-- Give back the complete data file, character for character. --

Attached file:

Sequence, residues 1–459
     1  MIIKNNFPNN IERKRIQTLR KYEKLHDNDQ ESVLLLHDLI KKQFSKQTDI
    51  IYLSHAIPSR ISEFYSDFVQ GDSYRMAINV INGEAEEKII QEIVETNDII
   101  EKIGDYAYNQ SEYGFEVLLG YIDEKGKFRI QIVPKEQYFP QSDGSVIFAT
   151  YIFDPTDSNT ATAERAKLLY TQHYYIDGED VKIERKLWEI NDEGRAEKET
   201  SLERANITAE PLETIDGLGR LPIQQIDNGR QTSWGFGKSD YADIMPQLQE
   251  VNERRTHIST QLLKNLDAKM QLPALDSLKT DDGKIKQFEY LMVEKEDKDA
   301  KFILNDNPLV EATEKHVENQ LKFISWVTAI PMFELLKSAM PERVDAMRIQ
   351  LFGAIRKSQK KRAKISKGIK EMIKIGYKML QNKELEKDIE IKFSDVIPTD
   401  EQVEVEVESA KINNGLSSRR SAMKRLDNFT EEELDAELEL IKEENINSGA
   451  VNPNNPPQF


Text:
Sequence, residues 1–459
     1  MIIKNNFPNN IERKRIQTLR KYEKLHDNDQ ESVLLLHDLI KKQFSKQTDI
    51  IYLSHAIPSR ISEFYSDFVQ GDSYRMAINV INGEAEEKII QEIVETNDII
   101  EKIGDYAYNQ SEYGFEVLLG YIDEKGKFRI QIVPKEQYFP QSDGSVIFAT
   151  YIFDPTDSNT ATAERAKLLY TQHYYIDGED VKIERKLWEI NDEGRAEKET
   201  SLERANITAE PLETIDGLGR LPIQQIDNGR QTSWGFGKSD YADIMPQLQE
   251  VNERRTHIST QLLKNLDAKM QLPALDSLKT DDGKIKQFEY LMVEKEDKDA
   301  KFILNDNPLV EATEKHVENQ LKFISWVTAI PMFELLKSAM PERVDAMRIQ
   351  LFGAIRKSQK KRAKISKGIK EMIKIGYKML QNKELEKDIE IKFSDVIPTD
   401  EQVEVEVESA KINNGLSSRR SAMKRLDNFT EEELDAELEL IKEENINSGA
   451  VNPNNPPQF